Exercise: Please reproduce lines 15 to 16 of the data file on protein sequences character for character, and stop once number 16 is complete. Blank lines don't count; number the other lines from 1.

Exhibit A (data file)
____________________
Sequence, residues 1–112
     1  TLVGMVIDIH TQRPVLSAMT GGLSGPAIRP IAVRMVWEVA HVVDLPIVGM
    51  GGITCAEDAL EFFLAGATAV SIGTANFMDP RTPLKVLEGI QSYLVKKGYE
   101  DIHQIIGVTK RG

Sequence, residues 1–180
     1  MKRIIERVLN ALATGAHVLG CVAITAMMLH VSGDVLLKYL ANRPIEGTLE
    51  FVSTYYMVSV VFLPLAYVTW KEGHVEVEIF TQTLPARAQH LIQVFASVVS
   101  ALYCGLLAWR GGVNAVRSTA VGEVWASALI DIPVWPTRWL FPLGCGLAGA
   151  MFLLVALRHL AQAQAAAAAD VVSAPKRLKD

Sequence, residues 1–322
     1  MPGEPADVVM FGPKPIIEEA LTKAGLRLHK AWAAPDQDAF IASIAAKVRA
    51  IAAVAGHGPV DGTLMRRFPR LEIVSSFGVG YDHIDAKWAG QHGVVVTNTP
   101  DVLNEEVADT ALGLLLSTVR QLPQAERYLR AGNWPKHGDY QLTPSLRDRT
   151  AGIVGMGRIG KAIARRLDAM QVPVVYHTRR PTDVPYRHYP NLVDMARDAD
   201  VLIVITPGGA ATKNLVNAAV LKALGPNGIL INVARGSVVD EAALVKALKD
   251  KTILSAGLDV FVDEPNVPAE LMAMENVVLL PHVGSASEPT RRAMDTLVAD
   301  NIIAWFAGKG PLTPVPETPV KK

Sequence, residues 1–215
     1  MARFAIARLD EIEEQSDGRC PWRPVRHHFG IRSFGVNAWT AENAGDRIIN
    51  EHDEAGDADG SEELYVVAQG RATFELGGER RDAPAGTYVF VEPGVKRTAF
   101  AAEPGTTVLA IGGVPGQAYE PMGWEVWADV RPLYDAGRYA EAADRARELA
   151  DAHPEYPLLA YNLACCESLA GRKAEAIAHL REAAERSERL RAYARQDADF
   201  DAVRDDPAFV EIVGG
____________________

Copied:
   201  VLIVITPGGA ATKNLVNAAV LKALGPNGIL INVARGSVVD EAALVKALKD
   251  KTILSAGLDV FVDEPNVPAE LMAMENVVLL PHVGSASEPT RRAMDTLVAD